My Week At Chocolate Boot Camp — Day 4

It’s day 4, the last day of Choco­late Boot Camp. (Most Choco­late Acad­e­my cours­es are three days long, but this is a four-day course, because there’s so much mate­r­i­al to cov­er. Click here to read the report on Day 1 and Days 2 and 3.)

Today we need to fin­ish every­thing, and there’s a lot to finish!

But first we have to make the choco­late marshmallow.

Marsh­mal­low is made from sug­ar syrup, egg whites and gelatin, and it has a lot in com­mon with meringue. The egg whites need to be at room tem­per­a­ture (or per­haps slight­ly above) to devel­op full vol­ume, and any fat will keep the egg whites from whip­ping properly.

Alert read­ers should be say­ing, “Hey, wait a minute! Isn’t there fat in choco­late?” Yes, there is, and when we get around to adding the choco­late it is going to deflate the marsh­mal­low some­what. (I think the East­er can­dy mak­ers get around that by adding air as they fill their choco­lates with marsh­mal­low, but as with many foods, what hap­pens in a small batch oper­a­tion, like your friend­ly neigh­bor­hood choco­lati­er or home kitchen, and what hap­pens in mass pro­duc­tion facil­i­ties often have lit­tle in common.)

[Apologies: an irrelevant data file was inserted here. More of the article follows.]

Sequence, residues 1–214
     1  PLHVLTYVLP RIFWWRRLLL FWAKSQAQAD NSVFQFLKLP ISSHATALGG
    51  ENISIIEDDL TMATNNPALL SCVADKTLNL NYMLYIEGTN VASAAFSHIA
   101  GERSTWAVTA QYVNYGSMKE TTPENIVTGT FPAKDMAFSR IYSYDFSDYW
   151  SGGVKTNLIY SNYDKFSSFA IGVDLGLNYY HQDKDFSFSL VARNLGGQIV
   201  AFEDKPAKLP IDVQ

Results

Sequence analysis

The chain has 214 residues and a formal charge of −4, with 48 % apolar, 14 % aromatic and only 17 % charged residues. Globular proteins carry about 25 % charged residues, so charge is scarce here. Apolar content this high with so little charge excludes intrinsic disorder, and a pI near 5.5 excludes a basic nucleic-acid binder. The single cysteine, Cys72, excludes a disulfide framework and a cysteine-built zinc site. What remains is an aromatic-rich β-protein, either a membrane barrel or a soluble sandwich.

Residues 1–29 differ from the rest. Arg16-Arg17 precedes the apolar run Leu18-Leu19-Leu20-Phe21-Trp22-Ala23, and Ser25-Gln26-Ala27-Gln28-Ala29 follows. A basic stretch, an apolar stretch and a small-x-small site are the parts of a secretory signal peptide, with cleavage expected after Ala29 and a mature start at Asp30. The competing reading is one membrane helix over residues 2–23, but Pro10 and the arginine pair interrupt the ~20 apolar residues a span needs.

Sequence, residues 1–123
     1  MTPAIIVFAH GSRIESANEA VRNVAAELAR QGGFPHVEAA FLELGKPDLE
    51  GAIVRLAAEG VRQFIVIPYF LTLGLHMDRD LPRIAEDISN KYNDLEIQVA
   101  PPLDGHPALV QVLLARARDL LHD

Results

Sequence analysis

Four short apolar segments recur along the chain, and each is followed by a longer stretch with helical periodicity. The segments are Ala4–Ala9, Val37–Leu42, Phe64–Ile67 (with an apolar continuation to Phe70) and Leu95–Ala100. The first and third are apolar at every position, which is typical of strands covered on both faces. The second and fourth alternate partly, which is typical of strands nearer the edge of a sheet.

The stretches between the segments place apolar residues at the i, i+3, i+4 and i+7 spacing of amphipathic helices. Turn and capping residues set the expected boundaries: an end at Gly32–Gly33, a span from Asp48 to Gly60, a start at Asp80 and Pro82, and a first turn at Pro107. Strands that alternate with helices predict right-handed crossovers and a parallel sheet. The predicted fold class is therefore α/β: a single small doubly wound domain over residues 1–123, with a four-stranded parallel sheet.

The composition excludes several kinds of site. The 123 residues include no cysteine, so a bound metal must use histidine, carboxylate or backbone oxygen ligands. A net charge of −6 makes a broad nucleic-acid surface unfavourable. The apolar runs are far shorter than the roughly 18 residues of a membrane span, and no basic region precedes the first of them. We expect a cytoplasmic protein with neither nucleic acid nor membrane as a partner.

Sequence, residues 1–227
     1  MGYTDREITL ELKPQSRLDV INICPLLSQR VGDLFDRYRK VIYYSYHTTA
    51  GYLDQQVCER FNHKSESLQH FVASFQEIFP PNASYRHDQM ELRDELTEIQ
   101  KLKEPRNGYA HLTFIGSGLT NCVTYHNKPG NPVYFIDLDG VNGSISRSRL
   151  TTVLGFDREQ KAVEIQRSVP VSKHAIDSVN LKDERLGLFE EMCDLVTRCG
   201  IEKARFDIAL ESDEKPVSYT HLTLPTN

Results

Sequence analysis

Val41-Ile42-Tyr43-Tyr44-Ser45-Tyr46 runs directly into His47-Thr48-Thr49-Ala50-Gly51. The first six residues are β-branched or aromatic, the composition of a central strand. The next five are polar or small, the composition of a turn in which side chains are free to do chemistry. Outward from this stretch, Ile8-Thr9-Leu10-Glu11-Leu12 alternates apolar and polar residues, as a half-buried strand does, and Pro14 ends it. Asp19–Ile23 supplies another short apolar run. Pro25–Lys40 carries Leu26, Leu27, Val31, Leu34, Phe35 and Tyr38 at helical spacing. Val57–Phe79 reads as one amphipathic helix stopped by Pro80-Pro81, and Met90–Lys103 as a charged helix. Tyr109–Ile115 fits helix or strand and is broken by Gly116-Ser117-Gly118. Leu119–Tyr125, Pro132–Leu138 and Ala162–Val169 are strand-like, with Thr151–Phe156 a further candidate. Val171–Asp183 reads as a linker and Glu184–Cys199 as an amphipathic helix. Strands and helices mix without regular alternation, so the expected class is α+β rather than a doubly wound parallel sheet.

When I have made marsh­mal­low, I gen­er­al­ly used the recipe in the Pope New Can­dy Cook­book. (Long out of print, but con­sid­ered a clas­sic, I’ve seen copies sell­ing for sev­er­al hun­dred dol­lars, but you can often find it for a lot less online! The Fran­cois and Antoinette Pope cook­ing school was in Chica­go from 1930 until it closed in 1971. See Chica­go Tri­bune sto­ry.)

The Pope recipe has you add the hot sug­ar syrup slow­ly to the egg whites, then add the bloomed gelatin.

That’s not how Chef Russ does it, though. (Does that seem like a recur­ring theme in this series?) He adds the bloomed gelatin to the hot sug­ar syrup, then pours that over the par­tial­ly whipped egg whites. After the marsh­mal­low is blend­ed, the choco­late is warmed and stirred into the marsh­mal­low, which, as expect­ed, most­ly deflates the whipped egg whites.

As he’s scrap­ing the bowl with some ingre­di­ent in it, Chef says that one of the chefs he worked for called this ‘Cadil­lac­ing’ the bowl. He says, “If you do this for your entire cook­ing career, you’ll have saved enough to buy a Cadillac.”

The choco­late marsh­mal­low is piped into larg­er hemi­spher­i­cal shells that were made earlier.

Piping Chocolate Marshmallow

We’re going to cov­er these with a chablon, a thin lay­er of choco­late cut with a round cut­ter to fit in the shell. This will make them eas­i­er to deal with when we dip them.